My Internship Experience at Finemind

By Emily Souter

 

If someone had told me back in August 2020 I would be interning for a non profit organization that worked with community mental health in Uganda, I would have been very confused. Especially when it came to doing grant work and finding funders, this was something I had no experience in and did not even have an idea how it was done. Back in August I was interning for a private practice for psychology credit, struggling to find another internship to determine if I could double major in both psychology and human services. My college had told me no and that it was not possible, but I wanted it. It took me mentioning it in a meeting to my internship supervisor at the time who also happens to be one of Pavel’s board members, that I needed another internship. Right then and there, Pavel said that he would take me onto his team and allow me to intern under grant writing. I had zero experience and barely any qualifying credentials, but Pavel took me under his wing and taught me and I could not be more grateful. 

 

My experience working at Finemind has been something I never thought it would be. It was more than grant writing. I attend a small liberal arts college in Newburgh, New York. I would never have had the experience to talk to organizations from countries like Uganda, Kenya, and so many more. It is just something that my school would have never given me the opportunity to do if it wasn't for Pavel giving me the opportunity. Meeting so many new people and learning their background was my favorite part of the internship 100%. As Pavel described it to me, grant work is not the “sexy” part of working with nonprofits. It is many hours of searching and finding dead ends. Something I was not used to. Having to do your best work possible just to be told that they couldn't fund you, or just not answer at all was frustrating and tedious, and sometimes I did not want to do it. It got easier to learn how to find proper grants with help and many questions. But the experience as a whole made up for the hard times. Learning a valuable skill that can help me throughout my entire career and into my next step of graduate school is not something I take for granted. I have nothing but great things to say about Finemind and Pavel.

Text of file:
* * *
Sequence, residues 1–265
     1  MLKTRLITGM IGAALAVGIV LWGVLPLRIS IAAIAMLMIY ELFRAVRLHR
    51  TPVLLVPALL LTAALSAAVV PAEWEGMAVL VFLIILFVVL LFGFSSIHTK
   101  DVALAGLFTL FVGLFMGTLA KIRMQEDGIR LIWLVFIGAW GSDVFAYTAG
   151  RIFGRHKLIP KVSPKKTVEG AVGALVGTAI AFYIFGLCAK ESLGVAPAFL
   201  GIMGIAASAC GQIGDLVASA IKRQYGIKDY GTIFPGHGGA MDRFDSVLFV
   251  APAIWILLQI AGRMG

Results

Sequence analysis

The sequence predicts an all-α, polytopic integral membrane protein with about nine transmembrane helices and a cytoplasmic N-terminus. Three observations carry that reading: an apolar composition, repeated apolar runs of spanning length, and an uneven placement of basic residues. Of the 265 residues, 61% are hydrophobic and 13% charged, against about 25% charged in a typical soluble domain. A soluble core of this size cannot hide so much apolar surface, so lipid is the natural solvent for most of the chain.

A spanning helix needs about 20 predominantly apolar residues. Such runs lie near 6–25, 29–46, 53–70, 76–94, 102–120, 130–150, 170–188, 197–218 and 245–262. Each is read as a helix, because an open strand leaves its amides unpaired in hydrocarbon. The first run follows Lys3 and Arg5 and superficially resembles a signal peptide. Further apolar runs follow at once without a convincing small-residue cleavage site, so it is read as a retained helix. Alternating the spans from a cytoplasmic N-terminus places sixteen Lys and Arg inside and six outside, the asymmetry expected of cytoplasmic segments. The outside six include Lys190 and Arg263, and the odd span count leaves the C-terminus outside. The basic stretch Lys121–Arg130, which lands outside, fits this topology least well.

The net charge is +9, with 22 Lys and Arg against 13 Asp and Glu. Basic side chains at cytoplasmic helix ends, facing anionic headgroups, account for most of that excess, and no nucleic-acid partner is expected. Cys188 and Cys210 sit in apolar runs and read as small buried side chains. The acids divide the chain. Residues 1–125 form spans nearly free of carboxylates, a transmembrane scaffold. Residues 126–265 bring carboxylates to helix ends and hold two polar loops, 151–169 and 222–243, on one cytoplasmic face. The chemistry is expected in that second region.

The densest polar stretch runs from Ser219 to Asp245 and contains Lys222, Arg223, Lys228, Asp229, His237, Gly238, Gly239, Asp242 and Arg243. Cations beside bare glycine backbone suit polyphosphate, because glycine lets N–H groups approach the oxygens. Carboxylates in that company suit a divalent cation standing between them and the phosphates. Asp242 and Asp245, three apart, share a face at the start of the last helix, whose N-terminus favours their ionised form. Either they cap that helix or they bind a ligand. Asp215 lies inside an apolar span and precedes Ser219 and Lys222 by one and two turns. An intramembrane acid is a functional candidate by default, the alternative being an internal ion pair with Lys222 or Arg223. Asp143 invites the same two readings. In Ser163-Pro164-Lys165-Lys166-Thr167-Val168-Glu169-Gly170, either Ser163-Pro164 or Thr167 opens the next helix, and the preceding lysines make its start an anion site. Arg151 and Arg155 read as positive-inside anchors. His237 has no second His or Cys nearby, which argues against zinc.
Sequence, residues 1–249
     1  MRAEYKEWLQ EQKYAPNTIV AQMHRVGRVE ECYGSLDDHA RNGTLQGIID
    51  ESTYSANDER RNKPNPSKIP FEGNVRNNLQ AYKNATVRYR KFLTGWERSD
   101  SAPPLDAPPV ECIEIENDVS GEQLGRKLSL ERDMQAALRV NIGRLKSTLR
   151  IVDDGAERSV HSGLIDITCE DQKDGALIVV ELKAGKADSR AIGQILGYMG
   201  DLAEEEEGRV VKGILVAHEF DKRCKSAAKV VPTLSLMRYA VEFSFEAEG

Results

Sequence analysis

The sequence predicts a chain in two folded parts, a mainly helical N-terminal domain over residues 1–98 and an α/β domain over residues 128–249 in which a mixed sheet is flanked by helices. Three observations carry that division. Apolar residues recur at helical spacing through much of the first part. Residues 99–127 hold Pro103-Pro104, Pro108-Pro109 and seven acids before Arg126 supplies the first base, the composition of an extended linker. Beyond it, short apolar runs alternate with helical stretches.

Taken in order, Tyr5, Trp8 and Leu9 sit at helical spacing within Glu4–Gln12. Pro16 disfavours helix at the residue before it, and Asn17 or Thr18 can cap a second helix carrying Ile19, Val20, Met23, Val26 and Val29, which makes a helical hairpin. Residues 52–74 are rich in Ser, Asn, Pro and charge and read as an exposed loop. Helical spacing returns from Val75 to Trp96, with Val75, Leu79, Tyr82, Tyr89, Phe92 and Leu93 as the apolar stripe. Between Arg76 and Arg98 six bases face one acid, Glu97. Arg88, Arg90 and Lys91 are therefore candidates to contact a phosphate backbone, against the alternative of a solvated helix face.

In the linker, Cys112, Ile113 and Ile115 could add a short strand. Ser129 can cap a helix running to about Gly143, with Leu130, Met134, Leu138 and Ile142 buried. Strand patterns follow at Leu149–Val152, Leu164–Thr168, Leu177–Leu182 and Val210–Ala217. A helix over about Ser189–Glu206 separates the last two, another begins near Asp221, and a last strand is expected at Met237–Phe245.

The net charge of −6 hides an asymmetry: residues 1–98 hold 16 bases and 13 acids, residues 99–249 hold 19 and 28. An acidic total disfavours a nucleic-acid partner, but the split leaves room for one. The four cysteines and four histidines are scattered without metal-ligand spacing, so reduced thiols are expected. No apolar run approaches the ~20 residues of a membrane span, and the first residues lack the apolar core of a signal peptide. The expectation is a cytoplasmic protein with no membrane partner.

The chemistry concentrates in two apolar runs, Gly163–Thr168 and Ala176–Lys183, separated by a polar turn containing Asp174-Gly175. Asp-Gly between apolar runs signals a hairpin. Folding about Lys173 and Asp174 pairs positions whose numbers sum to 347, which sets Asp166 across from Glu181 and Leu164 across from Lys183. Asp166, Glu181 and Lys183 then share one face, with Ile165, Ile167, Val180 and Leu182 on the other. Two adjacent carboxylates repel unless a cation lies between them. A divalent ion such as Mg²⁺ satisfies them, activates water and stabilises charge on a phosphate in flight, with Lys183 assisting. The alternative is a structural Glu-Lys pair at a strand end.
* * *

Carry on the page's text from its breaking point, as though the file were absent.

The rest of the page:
It wasn't just to work that made it great, but it was times that I felt like I could relate to the work and could openly share with Pavel. Hearing so many stories of people's journeys with mental health and life in Uganda. My experience at Finemind is something that I will hold dearly with me. I can not wait to watch Finemind grow more and more. I am so thankful for the opportunity to have interned for Finemind. Working here has sparked me to want to do so much more and that is something that the word thank you could ever be enough for.